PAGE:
Little Talbot, Black Rock Beach, Naked Label, Jacksonville, FL

Neighborhood: Little Talbot Island

Discover Little & Big Talbot Islands, Two of Seven Reasons to Pack a Lunch

As an undeveloped barrier island, Little Talbot Island State Park offers maritime forests, desert-like dunes, and undisturbed salt marshes teeming with a symphony of natural sounds and Florida creatures, such as river otters, marsh rabbits, bobcats, and migratory birds taking a break from their flyways. Discovering Little Talbot is like taking a walk through nature’s cathedral and learning how to breathe again.

Bring a fishing pole (and license) and hook redfish, striped bass, and flounder in a tidal puddle or shoreline. Bring a picnic in your backpack and take a rest on your reserved beachside picnic pavilion, for a small fee. Check-out the Myrtle Creek Campground or rent a kayak or go on a tour led by the professionals at Kayak Amelia (904) 251.0016.

When you visit Big Talbot Island State Park, bring your camera. It’s a photographer’s dream. A nature preserve, you can hike down Blackrock Trail to the shoreline, walk down Big Pine Trail to the marsh, or take Old Kings Highway and Jones Cut through the maritime forest. Walking through Boneyard Beach is a must. It’s where sunburnt white boney live oaks and cedar trees burst out of the sand. Imagine how it was thousands of years ago when the Timucua Indians harvested oysters, caught fish, and brought generations into this world. Now, bicycles, rollerblades, and strollers are welcome on the 2.9-mile off-road Timucuan Trail, which features interpretive stops along the way for the curious history buff and explorer.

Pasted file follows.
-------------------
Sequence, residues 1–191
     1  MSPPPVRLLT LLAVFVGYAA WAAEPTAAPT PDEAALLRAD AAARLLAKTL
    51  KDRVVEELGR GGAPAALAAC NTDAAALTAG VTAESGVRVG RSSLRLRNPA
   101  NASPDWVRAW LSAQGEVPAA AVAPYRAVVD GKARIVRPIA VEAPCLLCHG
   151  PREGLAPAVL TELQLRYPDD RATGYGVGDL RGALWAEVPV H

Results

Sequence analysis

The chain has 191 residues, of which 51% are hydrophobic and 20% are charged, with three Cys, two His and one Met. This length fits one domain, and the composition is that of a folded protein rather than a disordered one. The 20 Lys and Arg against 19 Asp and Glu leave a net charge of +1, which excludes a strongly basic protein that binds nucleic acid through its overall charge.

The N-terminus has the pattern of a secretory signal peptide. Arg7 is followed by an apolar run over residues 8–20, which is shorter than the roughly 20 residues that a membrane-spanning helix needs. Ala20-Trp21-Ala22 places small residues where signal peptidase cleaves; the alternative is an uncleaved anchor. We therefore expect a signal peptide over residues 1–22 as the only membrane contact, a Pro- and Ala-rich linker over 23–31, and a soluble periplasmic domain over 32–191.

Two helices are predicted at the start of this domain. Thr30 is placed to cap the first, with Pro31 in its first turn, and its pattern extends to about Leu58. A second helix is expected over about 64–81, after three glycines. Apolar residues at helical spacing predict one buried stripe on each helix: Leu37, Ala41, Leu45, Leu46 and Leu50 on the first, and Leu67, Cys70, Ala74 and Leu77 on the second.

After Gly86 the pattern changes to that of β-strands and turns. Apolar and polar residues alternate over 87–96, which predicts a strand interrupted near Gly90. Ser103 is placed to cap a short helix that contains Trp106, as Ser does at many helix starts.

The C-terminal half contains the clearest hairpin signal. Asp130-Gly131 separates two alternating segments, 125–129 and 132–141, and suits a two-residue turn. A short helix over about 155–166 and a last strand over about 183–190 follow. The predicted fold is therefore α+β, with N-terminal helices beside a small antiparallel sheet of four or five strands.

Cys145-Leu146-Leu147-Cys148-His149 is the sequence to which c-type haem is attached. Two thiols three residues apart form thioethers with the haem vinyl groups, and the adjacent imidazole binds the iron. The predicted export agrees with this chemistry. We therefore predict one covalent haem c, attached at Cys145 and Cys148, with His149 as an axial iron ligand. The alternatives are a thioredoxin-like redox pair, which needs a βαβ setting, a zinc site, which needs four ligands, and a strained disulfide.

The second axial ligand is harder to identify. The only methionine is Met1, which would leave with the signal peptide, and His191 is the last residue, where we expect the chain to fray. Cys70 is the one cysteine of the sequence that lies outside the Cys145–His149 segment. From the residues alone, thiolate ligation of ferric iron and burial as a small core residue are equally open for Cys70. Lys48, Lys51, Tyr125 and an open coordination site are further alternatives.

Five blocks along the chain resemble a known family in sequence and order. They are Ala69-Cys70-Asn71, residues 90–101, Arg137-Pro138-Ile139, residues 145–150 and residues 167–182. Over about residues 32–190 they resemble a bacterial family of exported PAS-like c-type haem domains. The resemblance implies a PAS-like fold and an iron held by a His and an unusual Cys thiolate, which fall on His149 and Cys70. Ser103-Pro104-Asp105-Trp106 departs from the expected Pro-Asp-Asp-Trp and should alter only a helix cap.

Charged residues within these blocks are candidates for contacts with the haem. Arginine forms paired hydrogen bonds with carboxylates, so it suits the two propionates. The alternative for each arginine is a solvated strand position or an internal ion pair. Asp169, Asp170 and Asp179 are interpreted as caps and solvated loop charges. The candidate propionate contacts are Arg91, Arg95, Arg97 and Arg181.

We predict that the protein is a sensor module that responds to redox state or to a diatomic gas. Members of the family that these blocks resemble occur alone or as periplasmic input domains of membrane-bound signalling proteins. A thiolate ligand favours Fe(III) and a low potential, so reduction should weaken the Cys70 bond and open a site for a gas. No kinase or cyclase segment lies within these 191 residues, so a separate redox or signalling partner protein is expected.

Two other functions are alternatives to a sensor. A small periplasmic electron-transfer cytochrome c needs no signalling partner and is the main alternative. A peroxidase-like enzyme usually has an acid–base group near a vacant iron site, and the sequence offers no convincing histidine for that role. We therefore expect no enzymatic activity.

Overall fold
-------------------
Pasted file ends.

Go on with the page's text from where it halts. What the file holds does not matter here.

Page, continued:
The Lord High Chancellor of England, Charles Baron Talbot, is the islands’ namesake. This land was converted into lucrative plantations in the late 18th century by the Europeans, such as The Spicer and The Houston Plantations. Why the Talbots? Just ask the Friends of the Talbot Islands State Parks. They will whet your appetite for more—and you have seven Florida State Parks to choose from: Little Talbot Island State Park; Big Talbot Island State Park; Pumpkin Hill Creek Preserve State Park, which welcomes equestrians, hikers and off-road cyclists on more than five miles of multi-use trails (remember, stay on the trails), plus, a canoe/kayak launch; Amelia Island State Park, 200 acres of original Florida wilderness, where you can ride horses and wander along the shore; Fort George Island Cultural State Park; Yellow Bluff Historic State Park, an 1862 Civil War military encampment occupied by the North and the South, where more than 250 soldiers were once housed; and George Crady Fishing Bridge State Park, a one-mile long pedestrian-only fishing bridge over Nassau Sound… here you can even catch a tarpon!

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About Joanelle Mulrain